ENI has bought – from Australian-based renewable energy developer Tetris Energy – the two relatively small Batchelor and Manton Dam solar farms near Darwin in the Northern Territory, which are both sized around 12.5MW.

    8. Standalone solar replaces power lines in remote WA farming community

    A government-owned electricity company is taking customers off the grid by giving them standalone solar units, so they can pull down ageing and costly power lines.

  • in ,

    Choosing reputable solar in Australia

    ABC’s 7:30 Report recently investigated the epidemic of poor-quality solar installations taking place across Australia. This issue is significant given the rise in interest in solar systems among Australian consumers.

    The poor quality solar epidemic

    Rick Slaton was interviewed for his own experience with faulty solar products. His twenty-panel installation had to be removed after only four and a half years, despite the product’s promise of a ten year warranty.

    Solar panel installer, Johan Flurry, was interviewed during the removal of Slaton’s faulty system. Flurry noted that the twenty panels were water damaged with no chance of repair. In commenting on the epidemic of faulty solar, Flurry said “a large amount of those earlier panels, since, I’d say, 2008 and all the way to probably 2014, a lot of those panels that have gone up on roofs have come down on roofs”.

    Unfortunately, the installation of poor quality solar is a common issue. Flurry notes how many solar installers priorities quick, cheap installations that will be bought up by the highest number of Australian households. “But they’re systems that are likely to last two years and then I’ll be there going there and replacing those systems.”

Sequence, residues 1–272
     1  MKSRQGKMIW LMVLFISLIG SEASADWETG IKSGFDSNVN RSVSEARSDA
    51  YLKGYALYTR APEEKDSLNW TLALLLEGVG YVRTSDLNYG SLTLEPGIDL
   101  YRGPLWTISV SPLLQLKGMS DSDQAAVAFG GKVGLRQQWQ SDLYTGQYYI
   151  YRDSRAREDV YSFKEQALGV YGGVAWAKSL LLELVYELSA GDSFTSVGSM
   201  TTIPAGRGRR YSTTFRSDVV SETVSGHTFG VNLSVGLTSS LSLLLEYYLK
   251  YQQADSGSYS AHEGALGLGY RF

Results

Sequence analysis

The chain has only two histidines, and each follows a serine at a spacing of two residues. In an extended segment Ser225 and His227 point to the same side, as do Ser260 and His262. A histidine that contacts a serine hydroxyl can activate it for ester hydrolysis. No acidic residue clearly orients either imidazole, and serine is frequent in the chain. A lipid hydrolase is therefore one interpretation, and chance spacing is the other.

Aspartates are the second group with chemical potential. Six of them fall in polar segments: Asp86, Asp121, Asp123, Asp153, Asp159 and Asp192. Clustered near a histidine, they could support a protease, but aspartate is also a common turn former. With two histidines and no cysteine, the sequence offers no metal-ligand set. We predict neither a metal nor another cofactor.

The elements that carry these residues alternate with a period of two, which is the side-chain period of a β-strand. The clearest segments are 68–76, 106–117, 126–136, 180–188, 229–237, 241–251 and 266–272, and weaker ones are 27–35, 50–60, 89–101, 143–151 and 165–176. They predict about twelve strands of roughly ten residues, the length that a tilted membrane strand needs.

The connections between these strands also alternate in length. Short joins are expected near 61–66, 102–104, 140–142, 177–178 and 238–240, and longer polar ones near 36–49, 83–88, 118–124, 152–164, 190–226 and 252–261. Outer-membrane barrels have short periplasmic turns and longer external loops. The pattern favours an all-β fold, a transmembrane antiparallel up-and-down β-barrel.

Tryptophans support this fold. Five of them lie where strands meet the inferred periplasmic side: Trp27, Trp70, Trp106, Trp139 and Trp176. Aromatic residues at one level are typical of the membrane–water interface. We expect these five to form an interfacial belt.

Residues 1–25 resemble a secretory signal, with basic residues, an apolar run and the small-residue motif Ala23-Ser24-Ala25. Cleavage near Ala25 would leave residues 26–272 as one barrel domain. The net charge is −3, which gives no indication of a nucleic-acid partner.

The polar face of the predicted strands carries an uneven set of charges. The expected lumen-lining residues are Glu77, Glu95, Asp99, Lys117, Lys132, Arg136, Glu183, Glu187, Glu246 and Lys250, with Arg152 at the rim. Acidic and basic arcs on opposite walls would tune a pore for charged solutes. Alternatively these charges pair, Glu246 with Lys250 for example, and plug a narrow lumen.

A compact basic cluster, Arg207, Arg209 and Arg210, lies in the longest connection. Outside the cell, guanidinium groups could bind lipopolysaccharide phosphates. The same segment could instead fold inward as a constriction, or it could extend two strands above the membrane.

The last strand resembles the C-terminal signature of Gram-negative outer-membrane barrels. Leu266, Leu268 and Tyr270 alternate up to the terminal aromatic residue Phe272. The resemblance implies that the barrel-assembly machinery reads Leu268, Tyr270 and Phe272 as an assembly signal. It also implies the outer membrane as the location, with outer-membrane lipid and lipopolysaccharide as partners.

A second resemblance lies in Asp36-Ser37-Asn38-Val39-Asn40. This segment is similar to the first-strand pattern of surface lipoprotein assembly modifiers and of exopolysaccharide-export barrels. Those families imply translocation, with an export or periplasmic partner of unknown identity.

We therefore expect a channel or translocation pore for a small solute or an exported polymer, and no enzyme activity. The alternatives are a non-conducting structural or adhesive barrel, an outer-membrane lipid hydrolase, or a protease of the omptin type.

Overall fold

Solar accreditation and testing

    In Australia, the Clean Energy Council has the responsibility for accrediting solar products and installers. In 2018, the Council suspended one hundred and sixty solar installers, and cancelled the accreditations of a dozen more. This meant over five and a half thousand solar panels were removed from their list of approved solar products.

    Dr Michelle McCann runs a laboratory in Australia that conducts commercial testing of solar panels. She exposes solar panels to a single flash of light in order to determine how much electricity they will produce. In some tests, panels have produced close to 10% less energy than promised by the advertised rating. Dr McCann indicates how such panels will only fail consumers more if connected to households for a sustained timeline. She notes that “the cheaper product isn’t the better performing product.”

    A common reason for ineffective solar panels is that Australia relies on overseas manufacturers who export poor quality batches of solar panels. However, the Clean Energy Council has stated that “the number of unsafe products in continuing to reduce over time.” Solar Trust Centre has itself reviewed the reasons why consumers should consider quality solar units.

    The consequences of poor quality solar

    Markus Lambert, General Manager for Solar at LG Electronics, outlines how poor quality solar systems don’t help to reduce carbon emissions, as many consumers hope. “The problem is in many cases, [a poor quality solar system] hasn’t even gained its CO2 back by the time it’s failed. So you’ve actually got the irony that we’re paying a rebate for solar that hasn’t helped with the abatement.” Moreover, Lambert notes how Australia does not currently has a mandatory recycling scheme for faulty solar panels.

    As concluded by Dr McCann, a solar roof system is a roof-top power station: “You would never ever built a coal-fire power plant without doing quality checks on it, but we’re doing that with solar rooftops.”

    For more information, read Solar Trust Center’s cautionary tale on poor quality solar.